Common names: capon’s-feather, columbine, European columbine, European crowfoot, granny bonnets
Perennial herb up to 70 cm tall; basal leaves twice ternate compound, shorter than stems; leaflets apically 2-3 fid, pilose or glabrous; flowers on long branched axis, nodding, usually 3 or more together;sepals blue or purple, ovate-lanceolate, up to 2.5 cm long; petals blue or purple, blade up to 12 mm long, oblong, rounded at tip, spur hooked, stout, up to 20 mm long; follicles up to 2.5 cm long with up to 15 mm long beak

 

 

 


 

/wp-content/uploads/2020/10/100_6779.JPG
/wp-content/uploads/2020/10/100_6788.JPG
/wp-content/uploads/2020/10/100_6789.JPG

 

/wp-content/uploads/2020/10/100_6783.JPG
/wp-content/uploads/2020/10/100_6780.JPG

 

/wp-content/uploads/2020/10/100_6781.JPG

Akelei Fotos from Ritterhude June 2010: These plants are supposed to be Akelei.


–  This is Aquilegia vulgaris

The English equivalent for your sporn is spur, as I had mentioned earlier: Aquilegia has 5, Delphinium 1. I am still not able to reconcile about the other plant. It looks different to me, although leaves definitely resemble Aquilegia vulgaris.

/wp-content/uploads/2020/10/100_0659.JPG

a variety of Akelei (Aquilegia )?: The leaves look like those of Akelei but the flower is very different.

This is most probably a garden variety called: Aquilegia vulgaris var. stellata Nora Barlow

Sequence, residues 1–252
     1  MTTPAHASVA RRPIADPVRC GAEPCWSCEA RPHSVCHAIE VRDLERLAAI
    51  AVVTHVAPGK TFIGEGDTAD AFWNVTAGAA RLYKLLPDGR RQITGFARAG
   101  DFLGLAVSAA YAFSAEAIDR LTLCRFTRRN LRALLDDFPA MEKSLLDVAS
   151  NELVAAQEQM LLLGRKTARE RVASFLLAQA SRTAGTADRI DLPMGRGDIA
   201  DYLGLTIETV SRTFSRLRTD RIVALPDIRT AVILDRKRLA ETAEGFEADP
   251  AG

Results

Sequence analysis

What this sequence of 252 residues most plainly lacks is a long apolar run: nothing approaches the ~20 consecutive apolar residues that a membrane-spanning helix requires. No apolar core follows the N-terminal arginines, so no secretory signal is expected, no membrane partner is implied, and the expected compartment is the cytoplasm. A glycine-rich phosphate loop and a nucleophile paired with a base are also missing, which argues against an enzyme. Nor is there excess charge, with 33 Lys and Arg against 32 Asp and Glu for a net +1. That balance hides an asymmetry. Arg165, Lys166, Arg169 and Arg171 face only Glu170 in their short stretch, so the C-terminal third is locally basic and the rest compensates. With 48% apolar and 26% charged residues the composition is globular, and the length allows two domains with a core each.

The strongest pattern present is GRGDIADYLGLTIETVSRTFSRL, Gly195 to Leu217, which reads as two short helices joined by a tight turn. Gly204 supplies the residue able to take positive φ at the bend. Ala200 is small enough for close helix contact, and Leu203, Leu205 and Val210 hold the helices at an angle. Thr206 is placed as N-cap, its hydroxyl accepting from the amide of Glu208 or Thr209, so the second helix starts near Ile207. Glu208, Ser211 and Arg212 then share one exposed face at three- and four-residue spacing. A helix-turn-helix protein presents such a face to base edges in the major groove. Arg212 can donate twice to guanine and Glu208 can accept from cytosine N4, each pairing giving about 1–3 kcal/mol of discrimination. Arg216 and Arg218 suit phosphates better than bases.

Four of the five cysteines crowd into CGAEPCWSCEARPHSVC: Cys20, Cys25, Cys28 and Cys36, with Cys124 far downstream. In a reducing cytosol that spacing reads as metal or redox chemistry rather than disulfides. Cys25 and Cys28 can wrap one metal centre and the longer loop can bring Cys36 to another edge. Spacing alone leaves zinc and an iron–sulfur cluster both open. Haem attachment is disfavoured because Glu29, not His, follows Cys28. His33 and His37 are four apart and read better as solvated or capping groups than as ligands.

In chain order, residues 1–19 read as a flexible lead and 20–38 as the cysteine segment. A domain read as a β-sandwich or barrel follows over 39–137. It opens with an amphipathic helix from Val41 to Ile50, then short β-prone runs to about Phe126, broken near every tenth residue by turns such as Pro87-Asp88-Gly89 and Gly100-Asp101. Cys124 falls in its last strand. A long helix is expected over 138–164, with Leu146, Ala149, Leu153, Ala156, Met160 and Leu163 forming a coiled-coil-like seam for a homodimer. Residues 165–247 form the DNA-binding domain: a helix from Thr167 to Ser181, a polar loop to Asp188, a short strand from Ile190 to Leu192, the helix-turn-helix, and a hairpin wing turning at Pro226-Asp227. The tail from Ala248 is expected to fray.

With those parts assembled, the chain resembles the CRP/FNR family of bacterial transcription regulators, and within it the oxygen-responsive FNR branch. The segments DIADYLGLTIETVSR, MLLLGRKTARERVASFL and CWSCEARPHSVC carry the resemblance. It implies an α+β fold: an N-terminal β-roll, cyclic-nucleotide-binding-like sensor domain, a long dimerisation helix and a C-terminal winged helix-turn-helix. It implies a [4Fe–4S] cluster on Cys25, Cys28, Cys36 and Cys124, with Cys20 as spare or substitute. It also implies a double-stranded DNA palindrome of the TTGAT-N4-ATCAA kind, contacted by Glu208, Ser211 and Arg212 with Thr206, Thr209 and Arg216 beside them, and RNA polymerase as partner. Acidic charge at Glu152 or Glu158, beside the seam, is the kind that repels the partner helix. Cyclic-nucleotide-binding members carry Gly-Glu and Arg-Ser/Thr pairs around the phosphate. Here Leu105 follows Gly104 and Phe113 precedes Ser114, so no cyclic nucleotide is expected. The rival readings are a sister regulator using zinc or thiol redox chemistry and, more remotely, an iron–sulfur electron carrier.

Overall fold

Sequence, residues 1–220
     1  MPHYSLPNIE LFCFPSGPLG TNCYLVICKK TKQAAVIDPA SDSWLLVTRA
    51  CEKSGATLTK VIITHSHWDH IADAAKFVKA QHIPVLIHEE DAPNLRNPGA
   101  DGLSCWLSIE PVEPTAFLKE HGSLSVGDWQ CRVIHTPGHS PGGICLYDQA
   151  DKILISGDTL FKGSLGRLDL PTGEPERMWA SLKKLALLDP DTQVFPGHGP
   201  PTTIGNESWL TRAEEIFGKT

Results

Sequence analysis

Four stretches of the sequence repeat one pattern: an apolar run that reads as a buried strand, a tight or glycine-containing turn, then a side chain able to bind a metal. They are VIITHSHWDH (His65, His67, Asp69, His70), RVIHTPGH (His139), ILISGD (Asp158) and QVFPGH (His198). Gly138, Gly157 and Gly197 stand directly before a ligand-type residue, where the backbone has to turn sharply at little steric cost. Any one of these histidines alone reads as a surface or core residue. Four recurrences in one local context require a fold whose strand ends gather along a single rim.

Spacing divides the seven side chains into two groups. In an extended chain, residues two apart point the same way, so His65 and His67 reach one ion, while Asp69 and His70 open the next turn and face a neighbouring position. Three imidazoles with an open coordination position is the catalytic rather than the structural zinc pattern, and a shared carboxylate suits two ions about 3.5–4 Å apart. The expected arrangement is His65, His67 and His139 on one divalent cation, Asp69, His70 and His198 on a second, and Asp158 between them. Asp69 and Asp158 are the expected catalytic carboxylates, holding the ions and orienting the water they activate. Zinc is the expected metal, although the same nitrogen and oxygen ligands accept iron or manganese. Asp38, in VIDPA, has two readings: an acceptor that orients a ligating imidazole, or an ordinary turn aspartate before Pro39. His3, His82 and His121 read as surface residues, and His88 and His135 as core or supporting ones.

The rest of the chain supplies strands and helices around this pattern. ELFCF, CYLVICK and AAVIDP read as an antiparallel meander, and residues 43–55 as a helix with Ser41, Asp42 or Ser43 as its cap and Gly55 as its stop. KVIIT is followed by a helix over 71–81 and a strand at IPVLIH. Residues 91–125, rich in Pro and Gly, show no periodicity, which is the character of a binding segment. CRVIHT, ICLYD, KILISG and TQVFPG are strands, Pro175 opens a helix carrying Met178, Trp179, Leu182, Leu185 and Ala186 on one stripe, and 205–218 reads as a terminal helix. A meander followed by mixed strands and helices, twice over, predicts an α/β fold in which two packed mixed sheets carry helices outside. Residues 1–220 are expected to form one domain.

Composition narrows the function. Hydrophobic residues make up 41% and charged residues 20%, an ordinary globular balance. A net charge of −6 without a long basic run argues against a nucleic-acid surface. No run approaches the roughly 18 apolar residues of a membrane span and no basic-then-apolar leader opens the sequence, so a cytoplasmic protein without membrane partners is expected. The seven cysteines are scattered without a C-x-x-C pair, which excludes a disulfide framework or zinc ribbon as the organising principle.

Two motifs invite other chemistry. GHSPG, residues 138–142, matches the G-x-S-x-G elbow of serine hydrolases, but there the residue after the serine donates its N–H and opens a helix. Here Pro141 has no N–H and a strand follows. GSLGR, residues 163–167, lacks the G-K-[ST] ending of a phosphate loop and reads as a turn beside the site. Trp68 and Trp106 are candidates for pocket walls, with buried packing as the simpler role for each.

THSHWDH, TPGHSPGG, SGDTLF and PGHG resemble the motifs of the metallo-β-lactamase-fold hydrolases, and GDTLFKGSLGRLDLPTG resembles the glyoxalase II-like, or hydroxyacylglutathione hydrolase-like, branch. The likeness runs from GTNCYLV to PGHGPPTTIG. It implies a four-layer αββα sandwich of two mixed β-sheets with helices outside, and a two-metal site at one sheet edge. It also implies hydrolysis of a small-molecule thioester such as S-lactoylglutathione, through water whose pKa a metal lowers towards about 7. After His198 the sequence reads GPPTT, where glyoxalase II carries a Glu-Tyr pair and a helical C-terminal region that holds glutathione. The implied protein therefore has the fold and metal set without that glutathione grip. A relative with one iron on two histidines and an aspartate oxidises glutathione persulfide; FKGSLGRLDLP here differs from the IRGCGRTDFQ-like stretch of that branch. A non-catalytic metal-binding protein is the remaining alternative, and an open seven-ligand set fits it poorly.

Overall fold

On net I found some more interesting information, after knowing the exact ID:
The frilly pink & white double aquilegia `Nora Barlow’, which has become popular recently, might suggest an equally frilly namesake. But not a bit of it: Emma Nora Barlow (December 22, 1885 – December 1989) was a formidable woman, who died at the age of 104. She was a granddaughter of Charles Darwin, about whom she wrote a book in the time she could spare from raising six children, gardening, looking after horses, bird-watching and running the local Girl Guides.
Having studied genetics at Cambridge, Nora Barlow enjoyed hybridising plants and, although she was probably not the originator of the unusual aquilegia variety, she grew it in her garden (although her taste was generally for
plainer flowers) and gave some seeds to the nurseryman Alan Bloom who named his commercial stock after her.
She also gave her house, The Orchard, to the University of Cambridge in 1962. New Hall College for women was founded on the land.

    Aquilegia are clump-forming herbaceous perennials with long-stalked, alternately divided basal leaves and erect, leafy stems bearing bell-shaped flowers with conspicuous spurs, on branched stems.
‘Nora Barlow’ is an erect plant to 80cm, with divided, dark green leaves and nodding, spur-less, double flowers 2 to 3cm in width, composed of many narrow, dull deep pink and pale green petals. A Cottage Garden classic.
Aquilegia ‘Nora Barlow’ has been awarded the prestigious RHS Award of Garden Merit (AGM).   Source: